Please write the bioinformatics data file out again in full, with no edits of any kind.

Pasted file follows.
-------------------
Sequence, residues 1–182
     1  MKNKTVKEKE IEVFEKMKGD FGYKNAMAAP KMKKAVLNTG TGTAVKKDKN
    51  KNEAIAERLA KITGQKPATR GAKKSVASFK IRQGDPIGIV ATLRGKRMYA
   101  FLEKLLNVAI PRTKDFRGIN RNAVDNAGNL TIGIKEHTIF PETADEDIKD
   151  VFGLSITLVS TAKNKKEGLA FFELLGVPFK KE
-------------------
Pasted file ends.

Sequence, residues 1–182
     1  MKNKTVKEKE IEVFEKMKGD FGYKNAMAAP KMKKAVLNTG TGTAVKKDKN
    51  KNEAIAERLA KITGQKPATR GAKKSVASFK IRQGDPIGIV ATLRGKRMYA
   101  FLEKLLNVAI PRTKDFRGIN RNAVDNAGNL TIGIKEHTIF PETADEDIKD
   151  VFGLSITLVS TAKNKKEGLA FFELLGVPFK KE